Whether you’re deciding where to place a new couch, or you’re simply ready for a change, arranging your living room furniture doesn’t have to be a daunting task. Simply follow these five tips to create a space that is both welcoming and functional — no design degree or geometry class required.
Start in the middle
In this design strategy, begin by placing a coffee table in the center of the room, then arrange seating around it. In a rectangular-shaped or especially large living room, you can create separate seating areas around two center points. Either way, be sure to let your furniture “float” by placing it at least 12 inches from walls. A large, empty space in a room can make it feel cold and uninviting.
Another option is to arrange furniture according to the room’s focal point, such as a window, fireplace, accent wall, or large piece of art. This is what people will first notice when entering the room, and although furniture doesn’t have to necessarily face the focal point, consider arranging it so that you can enjoy the warmth of a fire or view of the backyard from several vantage points.
An easy and fail-proof approach involves dividing your room into sections and then evenly distributing furniture throughout. Placing pieces opposite each other, such as a couch across from the fireplace, creates a visually calming space that feels comfortable. Even if your furniture doesn’t perfectly match, mirroring pieces this way creates soothing symmetry.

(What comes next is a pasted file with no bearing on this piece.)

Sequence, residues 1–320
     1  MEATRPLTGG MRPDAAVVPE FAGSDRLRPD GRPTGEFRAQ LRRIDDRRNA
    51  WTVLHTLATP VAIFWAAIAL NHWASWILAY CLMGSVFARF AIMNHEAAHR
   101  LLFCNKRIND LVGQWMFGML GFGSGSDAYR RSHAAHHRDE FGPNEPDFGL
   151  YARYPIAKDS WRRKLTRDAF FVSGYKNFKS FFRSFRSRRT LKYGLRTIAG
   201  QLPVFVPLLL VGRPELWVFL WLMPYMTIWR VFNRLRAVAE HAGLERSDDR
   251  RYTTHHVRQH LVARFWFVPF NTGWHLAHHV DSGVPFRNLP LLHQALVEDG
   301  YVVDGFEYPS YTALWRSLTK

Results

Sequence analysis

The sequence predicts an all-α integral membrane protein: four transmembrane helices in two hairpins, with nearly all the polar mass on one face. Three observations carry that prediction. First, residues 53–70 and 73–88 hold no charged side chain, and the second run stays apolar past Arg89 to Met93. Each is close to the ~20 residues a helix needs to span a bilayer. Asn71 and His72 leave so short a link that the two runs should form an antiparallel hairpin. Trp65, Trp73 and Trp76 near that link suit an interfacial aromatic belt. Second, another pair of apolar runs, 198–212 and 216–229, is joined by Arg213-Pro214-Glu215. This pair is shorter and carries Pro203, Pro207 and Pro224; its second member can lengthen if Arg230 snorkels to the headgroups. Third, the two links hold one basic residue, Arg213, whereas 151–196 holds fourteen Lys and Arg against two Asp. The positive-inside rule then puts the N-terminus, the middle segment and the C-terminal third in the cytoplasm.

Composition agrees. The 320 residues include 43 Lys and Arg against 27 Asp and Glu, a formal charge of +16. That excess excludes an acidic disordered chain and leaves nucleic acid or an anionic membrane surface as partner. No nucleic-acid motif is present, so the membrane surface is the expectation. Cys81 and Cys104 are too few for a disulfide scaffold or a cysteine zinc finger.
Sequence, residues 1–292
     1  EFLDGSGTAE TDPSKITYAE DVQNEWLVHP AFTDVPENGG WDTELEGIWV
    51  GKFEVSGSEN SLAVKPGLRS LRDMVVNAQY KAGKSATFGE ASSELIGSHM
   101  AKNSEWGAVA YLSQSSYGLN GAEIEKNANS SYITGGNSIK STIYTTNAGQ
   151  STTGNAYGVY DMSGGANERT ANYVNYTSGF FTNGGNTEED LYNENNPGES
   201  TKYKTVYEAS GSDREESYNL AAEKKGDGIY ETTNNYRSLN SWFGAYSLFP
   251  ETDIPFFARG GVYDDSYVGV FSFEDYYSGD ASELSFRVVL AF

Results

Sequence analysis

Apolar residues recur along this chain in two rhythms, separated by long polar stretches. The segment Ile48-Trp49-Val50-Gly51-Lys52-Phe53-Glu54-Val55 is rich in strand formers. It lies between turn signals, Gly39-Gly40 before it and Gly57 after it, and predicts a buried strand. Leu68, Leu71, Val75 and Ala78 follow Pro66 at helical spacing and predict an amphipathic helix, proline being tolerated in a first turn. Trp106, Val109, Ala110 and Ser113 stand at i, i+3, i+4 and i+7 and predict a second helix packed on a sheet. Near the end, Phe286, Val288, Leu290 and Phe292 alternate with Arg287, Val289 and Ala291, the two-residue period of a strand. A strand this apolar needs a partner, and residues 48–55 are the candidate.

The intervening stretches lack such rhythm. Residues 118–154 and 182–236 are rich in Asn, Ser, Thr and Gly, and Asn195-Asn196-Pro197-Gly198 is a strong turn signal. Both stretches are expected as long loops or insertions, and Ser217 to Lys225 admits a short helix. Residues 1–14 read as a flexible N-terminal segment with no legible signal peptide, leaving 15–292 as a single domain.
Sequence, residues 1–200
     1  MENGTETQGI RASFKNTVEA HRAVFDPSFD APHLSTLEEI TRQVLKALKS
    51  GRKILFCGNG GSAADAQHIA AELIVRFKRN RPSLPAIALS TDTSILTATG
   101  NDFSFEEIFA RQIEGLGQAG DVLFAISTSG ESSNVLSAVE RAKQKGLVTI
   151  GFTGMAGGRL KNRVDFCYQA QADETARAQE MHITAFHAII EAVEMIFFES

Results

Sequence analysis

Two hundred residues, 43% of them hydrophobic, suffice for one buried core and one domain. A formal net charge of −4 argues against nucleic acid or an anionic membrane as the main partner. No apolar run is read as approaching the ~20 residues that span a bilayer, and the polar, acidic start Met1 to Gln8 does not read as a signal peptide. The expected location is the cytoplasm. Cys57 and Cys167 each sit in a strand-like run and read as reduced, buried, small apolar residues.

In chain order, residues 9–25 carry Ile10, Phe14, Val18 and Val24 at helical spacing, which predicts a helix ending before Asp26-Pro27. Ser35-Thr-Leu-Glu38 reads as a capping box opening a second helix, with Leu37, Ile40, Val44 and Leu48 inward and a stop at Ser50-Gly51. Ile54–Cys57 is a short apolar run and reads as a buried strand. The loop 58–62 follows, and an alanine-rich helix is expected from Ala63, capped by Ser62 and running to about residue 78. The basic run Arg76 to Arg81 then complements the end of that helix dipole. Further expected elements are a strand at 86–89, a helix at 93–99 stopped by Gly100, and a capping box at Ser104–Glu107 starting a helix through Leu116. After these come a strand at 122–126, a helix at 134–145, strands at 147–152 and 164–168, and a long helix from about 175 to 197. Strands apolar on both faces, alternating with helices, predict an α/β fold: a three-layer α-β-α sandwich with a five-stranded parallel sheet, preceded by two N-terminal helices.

Room To Move
No one wants to walk into the back of a couch or navigate through a jumble of foot stools when entering a room. A welcoming room is one that’s easy to move through.
Arrange furniture to allow clearance in entryways, as well as about three feet of walking space around the room. Create natural paths that lead to other rooms, and don’t forget that furniture with drawers or cabinets will need extra space to open.
Your living room can look like a feature from a magazine, but if there’s nowhere to place a glass, or the couch is facing away from the TV where you watch football every Sunday, it’s not going to work. When arranging furniture, think about how you and your family use the room.
If everyone gathers for movie night, you may want extra seating facing the TV, or if game night is popular, the center point could include a larger table with easy-to-move chairs. In short, the room needs to work for your purposes. Ask yourself if the room is doing everything you need it to.